Demand drivers, consumers, barriers to entry, historical operating fundamentals, peak/trough vacancy rates and cap rates are key determinants of whether a market is primary, secondary or tertiary.

In short supply

Demand for modern logistics is high, but what about supply? Analysis of the vintage of the U.S. inventory of logistics assets reveals that the average age of a warehouse building is over 43 years old, more than 82% of assets were built before 2000 and over 30% are more than 50 years old. While nationally there is still a sub 4% vacancy rate for logistics assets as of Q2 2023 inclusive of secondary and tertiary markets, only 25% of vacant assets are less than 20 years old and only 5% are between 10 and 20 years old.2 A large proportion of vacant space wouldn’t even be considered by today’s occupiers given these assets may be functionally obsolete, making vacancy rates considerably tighter than headline rates suggest. Modern logistics facilities are in short supply and where there’s scarcity there’s value. Occupiers are willing to pay more rent for new or recently built assets featuring best-in-class design standards. Modern logistics facilities in select markets are projected to see outsized rent growth over the next five years.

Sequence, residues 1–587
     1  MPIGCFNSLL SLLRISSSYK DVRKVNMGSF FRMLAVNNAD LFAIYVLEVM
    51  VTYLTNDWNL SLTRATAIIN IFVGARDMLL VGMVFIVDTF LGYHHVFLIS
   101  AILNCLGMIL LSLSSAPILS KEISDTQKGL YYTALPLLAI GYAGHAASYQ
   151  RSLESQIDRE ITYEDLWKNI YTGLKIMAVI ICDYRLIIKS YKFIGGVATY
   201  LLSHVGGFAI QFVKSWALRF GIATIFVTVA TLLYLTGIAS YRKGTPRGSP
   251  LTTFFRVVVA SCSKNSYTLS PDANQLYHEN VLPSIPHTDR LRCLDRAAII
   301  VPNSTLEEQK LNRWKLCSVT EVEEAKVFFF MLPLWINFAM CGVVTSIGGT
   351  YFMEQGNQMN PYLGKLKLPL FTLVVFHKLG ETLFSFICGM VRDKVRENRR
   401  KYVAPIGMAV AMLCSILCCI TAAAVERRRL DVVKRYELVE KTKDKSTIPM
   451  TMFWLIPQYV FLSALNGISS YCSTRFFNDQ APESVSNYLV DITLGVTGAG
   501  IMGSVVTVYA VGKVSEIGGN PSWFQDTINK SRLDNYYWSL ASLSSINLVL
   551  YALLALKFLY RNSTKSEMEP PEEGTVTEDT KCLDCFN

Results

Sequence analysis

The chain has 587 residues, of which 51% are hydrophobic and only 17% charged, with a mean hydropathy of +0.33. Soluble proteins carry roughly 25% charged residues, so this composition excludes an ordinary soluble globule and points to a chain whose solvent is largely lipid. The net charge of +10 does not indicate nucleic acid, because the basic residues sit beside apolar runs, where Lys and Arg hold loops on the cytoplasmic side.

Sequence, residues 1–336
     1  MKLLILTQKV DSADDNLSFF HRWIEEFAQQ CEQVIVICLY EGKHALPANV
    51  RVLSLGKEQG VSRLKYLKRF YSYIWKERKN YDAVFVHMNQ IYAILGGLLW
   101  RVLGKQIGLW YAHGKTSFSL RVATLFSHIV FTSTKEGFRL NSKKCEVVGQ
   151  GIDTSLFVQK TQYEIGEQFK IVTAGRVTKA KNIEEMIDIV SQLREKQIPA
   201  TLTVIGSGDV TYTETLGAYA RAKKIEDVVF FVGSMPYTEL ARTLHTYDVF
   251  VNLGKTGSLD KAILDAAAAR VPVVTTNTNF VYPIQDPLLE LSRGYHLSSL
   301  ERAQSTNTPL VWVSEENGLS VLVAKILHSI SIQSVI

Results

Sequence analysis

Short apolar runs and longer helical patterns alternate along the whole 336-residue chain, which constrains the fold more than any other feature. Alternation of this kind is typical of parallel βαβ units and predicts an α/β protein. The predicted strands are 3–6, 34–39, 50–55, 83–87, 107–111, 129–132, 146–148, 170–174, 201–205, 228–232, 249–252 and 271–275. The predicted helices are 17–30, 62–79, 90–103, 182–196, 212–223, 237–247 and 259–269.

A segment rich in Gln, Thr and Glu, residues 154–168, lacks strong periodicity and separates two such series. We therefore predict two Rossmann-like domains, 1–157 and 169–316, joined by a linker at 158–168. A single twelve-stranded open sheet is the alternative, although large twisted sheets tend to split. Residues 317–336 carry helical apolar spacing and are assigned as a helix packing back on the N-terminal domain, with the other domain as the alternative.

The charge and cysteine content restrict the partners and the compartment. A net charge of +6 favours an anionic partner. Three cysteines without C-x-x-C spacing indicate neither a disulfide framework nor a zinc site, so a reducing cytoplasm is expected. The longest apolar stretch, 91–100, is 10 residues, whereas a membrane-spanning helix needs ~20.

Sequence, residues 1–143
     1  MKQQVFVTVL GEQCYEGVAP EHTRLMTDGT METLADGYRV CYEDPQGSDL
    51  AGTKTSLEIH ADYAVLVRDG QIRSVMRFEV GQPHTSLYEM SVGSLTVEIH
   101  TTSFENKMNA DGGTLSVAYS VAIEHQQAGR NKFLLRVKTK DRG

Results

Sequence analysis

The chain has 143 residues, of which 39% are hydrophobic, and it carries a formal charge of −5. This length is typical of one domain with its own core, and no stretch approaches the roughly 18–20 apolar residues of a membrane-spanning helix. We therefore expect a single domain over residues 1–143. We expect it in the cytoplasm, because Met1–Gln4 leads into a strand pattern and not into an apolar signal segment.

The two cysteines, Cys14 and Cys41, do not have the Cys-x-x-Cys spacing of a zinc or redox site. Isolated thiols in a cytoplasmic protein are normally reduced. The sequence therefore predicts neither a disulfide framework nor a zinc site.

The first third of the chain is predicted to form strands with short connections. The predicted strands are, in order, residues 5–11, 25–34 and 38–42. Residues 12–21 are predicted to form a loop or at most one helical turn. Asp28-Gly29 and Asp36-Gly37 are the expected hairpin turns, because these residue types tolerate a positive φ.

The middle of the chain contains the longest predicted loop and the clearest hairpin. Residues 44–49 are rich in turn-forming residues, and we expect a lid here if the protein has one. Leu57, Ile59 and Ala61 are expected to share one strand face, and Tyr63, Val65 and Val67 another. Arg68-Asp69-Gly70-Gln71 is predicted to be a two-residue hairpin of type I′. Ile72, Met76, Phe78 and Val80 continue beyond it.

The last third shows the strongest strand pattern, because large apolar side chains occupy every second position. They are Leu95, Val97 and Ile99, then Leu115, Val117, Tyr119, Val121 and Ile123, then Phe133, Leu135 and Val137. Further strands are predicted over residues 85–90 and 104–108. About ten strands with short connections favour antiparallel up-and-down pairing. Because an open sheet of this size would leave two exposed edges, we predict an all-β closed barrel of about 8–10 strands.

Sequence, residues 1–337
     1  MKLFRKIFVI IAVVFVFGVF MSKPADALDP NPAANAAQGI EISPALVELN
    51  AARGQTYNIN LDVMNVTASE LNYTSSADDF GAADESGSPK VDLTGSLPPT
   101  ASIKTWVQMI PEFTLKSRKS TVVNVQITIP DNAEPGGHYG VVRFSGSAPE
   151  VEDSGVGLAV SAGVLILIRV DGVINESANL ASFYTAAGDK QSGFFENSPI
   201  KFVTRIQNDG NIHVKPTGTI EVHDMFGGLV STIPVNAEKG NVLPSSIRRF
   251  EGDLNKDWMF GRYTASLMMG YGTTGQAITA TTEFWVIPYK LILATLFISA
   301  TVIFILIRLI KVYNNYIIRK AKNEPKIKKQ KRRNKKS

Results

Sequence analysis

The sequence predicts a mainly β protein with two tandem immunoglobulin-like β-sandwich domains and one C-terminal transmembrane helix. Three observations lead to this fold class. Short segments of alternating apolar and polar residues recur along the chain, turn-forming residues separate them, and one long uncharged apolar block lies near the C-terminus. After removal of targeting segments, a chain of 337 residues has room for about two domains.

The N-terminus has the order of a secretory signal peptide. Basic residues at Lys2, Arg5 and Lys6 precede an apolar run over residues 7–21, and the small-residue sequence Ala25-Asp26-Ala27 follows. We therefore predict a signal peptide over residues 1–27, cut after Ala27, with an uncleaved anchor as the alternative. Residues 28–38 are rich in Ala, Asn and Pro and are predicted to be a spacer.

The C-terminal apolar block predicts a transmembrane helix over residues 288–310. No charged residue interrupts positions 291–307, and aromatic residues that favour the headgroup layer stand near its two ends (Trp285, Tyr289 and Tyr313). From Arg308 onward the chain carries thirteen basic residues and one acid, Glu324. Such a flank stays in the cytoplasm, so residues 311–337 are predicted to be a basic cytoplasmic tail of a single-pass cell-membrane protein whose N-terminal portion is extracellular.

5-year average logistics market rent growth forecast (Q3 2023-Q2 2028)

Figure 3

Source: CBRE Investment Management, forecasts as of Q3 2023. For illustrative purposes only. Based on CBRE Investment Management's subjective views and subject to change. There can be no assurance any targets or business initiatives will occur as expected. Forecasts are inherently uncertain and subject to change.

CBRE Investment Management projects that modern logistics assets are poised for outperformance based on year-over-year average total return for the next five years compared to legacy logistics. We also project that modern logistics assets will see heightened cap rate compression over the next 10 years compared to legacy logistics.

5-year outlook, %Y-o-Y average

Figure 4